And that’s what make the spectrum rebels’ blood boil. “You get all this fuss and noise about there not being enough spectrum,” says Chris Gilbert, chief executive of a Silicon Valley startup called IPWireless. “That’s rubbish. It’s just in the wrong hands.”

New wireless technologies have great potential-and a bleak future-unless Washington frees up underused airwaves.

Today’s wireless devices jam up when they come across other signals. Cognitive radios can sense interference and jump to an empty frequency.


Most radios can receive and transmit one type of signal at one range of frequency. New gadgets can build basic functions out of software-a cell phone could regear to tap an incompatible network, and then turn itself into a garage-door opener or TV remote.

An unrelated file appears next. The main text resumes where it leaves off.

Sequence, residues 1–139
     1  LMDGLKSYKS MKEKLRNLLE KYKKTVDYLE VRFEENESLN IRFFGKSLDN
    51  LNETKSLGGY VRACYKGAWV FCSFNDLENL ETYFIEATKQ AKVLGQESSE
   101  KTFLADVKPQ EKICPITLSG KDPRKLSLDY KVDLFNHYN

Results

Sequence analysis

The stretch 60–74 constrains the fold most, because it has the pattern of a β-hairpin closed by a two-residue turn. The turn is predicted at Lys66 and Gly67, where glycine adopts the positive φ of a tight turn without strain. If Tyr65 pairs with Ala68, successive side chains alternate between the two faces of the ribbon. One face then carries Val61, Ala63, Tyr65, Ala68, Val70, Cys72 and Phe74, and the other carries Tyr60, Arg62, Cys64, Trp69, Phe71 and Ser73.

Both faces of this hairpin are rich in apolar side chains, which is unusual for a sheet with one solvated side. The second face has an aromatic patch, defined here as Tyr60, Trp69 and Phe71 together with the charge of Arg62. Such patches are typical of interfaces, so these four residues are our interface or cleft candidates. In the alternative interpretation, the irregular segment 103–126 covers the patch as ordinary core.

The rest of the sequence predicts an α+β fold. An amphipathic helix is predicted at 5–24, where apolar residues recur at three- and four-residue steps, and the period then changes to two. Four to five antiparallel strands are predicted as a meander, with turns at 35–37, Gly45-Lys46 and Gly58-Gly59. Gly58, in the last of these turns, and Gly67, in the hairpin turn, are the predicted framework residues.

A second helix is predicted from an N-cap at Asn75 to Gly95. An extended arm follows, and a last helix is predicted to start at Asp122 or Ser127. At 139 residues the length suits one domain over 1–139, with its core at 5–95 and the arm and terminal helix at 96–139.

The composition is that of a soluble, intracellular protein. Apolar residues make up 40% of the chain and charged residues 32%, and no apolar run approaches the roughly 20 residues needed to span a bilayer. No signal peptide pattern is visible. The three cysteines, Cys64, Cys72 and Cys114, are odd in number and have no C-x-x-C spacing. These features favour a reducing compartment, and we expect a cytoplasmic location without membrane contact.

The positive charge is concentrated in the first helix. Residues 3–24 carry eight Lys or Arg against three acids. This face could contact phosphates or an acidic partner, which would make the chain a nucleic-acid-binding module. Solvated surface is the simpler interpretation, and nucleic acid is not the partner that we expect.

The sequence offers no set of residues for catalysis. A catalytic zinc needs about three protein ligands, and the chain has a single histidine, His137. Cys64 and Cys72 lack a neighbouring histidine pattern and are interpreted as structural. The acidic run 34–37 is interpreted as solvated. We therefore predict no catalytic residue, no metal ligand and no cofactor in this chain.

By transmitting very low power radio signals across a huge range of frequencies, new gear can do an array of cool tricks, such as peering through solid objects (without the X ray’s radiation issues). Earlier this year the FCC passed new rules allowing limited use of ultrawideband devices.


This approach relies on cognitive radios to intelligently adapt networks, depending on how many people are onboard. As more users join in one area, their gear would cooperatively pass along signals to cut congestion.


Intel just unveiled the ability to make full radios-from antennas to amplifiers-out of the same silicon wafers used for microchips. Intel hopes to have a radio in every chip it makes in five years.

Author: Scott Woolley